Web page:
The drug company boss who raised the price of a lifesaving medicine by 5000 percent laughed as he refused to answer questions from at a US congressional hearing.
Former Turing Pharmaceuticals chief executive Martin Shkreli invoked his Fifth Amendment right against self-incrimination and declined to answer questions from US politicians interested in why he raised the price.
Shkreli, 32, sparked outrage last year among patients, medical societies and Democratic presidential front-runner Hillary Clinton after Turing raised the price of a 62-year-old HIV drug called Daraprim from US$13.50 to US$750 a pill.
Moments after refusing to testify, Shkreli then called members of the US Congress "imbeciles" on Twitter.
"Hard to accept that these imbeciles represent the people in our government," Shkreli wrote.
Shkreli was arrested in December and charged with running his investment funds and companies almost like a Ponzi scheme.
He has pleaded not guilty, stepped down from Turing and was fired from KaloBios Pharmaceuticals.
At the congressional hearing, Shkreli sat at a table with arms crossed, repeatedly laughing at and declining to answer questions about the effects of the price hike on patients.
"I intend to follow the advice of my counsel, not yours," Shkreli told Representative Trey Gowdy, a South Carolina Republican.
The Fifth Amendment of the US Constitution says no person shall be compelled in any criminal case "to be a witness against himself".
American people are fed up - Bernie Sanders
US Representative Elijah Cummings reprimanded Shkreli for appearing to laugh during the Maryland Democrat's opening statement.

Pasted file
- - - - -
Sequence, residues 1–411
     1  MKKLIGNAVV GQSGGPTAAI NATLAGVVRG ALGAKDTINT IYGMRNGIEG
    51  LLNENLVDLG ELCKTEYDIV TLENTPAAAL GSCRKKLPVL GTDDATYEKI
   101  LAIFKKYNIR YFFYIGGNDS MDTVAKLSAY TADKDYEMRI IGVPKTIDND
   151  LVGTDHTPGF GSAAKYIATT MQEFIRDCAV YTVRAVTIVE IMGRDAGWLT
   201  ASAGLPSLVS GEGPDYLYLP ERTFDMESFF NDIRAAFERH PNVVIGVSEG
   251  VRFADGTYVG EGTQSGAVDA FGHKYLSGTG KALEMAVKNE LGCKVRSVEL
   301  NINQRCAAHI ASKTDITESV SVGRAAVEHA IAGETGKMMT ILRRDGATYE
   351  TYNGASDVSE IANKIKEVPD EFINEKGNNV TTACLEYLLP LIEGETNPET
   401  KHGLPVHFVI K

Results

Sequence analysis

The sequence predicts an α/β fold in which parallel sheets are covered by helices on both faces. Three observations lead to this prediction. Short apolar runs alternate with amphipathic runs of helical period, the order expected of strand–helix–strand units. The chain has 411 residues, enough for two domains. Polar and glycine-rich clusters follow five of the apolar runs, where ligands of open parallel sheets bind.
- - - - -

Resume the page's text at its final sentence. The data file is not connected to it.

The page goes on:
"It's not funny, Mr. Shkreli," Mr Cummings said.
Wearing a sports jacket and collared shirt, Shkreli responded to questions by continuing to laugh, twirling a pencil and yawning.
Mr Cummings added a few minutes later: "You can go down as the poster boy for greedy drug company executives, or you can change the system."
Shkreli was allowed to leave the hearing early after he repeated that he would not answer any questions at all.
Representative John Mica, a Florida Republican, said he would consider asking fellow politicians to hold Shkreli in contempt for his behaviour.
"I don't think I've ever seen the committee treated with such contempt," Mr Mica said.
His appearance prompted outrage from members of Congress.
Democratic presidential candidate Bernie Sanders tweeted: "The American people are fed up with the blatant profiteering of pharmaceutical company CEOs like Martin Shkreli. It must end."
The Federal Trade Commission and the New York attorney-general are investigating Turing for possible antitrust violations.